1. Listen for what's being said:

It’s often easy for people to switch into lawyer mode to try to find numerous ways to disprove what the other person is saying- to interrogate.

It may seem more natural to do this than to focus on just hearing and taking in what the other person is actually saying. Think of how your listening may change if you took more of an interviewing approach versus an interrogative one. Switch your mindset from the lawyer mentality to the curious listener. It will help put potential defensiveness and interruptions aside.

Your curiosity will keep the focus on your partner and how he or she is feeling and why. You can ask yourself why is he/she upset? What specifically happened to cause him/her to begin to share what is on his/her mind with you? What is it that he or she needs from me? While these may be questions you're internally working to find the answers to, it also doesn’t hurt to ask these same questions if you feel your partner isn’t clear. It's important to uncover all of these answers before trying to jump to solving whatever problem at hand- you may be solving for the wrong problem if you jump too soon.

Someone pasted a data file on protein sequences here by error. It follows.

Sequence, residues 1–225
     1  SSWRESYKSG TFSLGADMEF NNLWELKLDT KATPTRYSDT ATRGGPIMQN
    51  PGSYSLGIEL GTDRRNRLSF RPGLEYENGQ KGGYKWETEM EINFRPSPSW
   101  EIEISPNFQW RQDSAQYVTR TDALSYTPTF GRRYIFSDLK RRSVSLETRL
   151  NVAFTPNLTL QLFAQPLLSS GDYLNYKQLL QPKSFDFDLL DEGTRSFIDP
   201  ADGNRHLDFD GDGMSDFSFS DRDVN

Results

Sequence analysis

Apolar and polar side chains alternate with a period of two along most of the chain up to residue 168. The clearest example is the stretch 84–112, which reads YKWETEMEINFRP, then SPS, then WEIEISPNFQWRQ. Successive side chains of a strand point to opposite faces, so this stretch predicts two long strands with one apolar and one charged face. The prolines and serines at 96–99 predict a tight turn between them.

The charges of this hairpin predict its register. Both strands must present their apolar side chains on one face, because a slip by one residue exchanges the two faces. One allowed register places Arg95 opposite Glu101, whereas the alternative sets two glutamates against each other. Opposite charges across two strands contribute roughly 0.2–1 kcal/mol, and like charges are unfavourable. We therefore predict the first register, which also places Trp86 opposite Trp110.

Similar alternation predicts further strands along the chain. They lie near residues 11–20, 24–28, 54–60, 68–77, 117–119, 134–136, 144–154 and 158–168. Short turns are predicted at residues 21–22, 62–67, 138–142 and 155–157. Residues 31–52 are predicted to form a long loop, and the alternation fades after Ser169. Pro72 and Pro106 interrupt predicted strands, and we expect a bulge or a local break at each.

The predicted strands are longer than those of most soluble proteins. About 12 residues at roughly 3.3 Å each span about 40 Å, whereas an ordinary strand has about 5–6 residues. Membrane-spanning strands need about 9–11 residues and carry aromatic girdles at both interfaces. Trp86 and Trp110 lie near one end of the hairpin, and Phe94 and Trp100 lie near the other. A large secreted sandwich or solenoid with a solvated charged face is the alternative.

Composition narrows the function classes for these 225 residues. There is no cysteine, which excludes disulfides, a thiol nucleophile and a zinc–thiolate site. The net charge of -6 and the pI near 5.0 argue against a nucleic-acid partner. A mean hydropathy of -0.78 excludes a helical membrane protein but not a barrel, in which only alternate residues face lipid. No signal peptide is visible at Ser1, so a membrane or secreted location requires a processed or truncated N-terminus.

2. Listen for what's not being said:

Sometimes it takes more energy to clearly communicate your needs to your partner versus just venting and exploding with emotion. It's likely there are times when the affected person shares just the surface level frustrations but may leave the depth of their concerns out.

Be curious about what they may be trying to say but unable. Body language will be helpful here. Is she crying? What do the tears mean?)Is he looking away? Does she feel safe? Does he feel ashamed? Is she fidgety? What may be causing him to feel nervous or anxious? Asking questions about what is not being said can help the other person sense your concern and attention on getting to the depth of the emotion she is experiencing. Notice again that all of your attention is on your partner.

3. Listen to what the other person is feeling.

Sometimes, your partner will tell you specifically how they're feeling, and other times they may not. When I work with couples, there are often challenges with people being able to focus inward and to express “I am feeling (insert emotion here).”

Intense emotions can cause people to be flooded with emotion, which may lead to pointing fingers and defensiveness. Notice that the pointing fingers and defensiveness may mean your partner needs more validation. Although it's still up to them to tell you what they need, you can help them by actively listening well.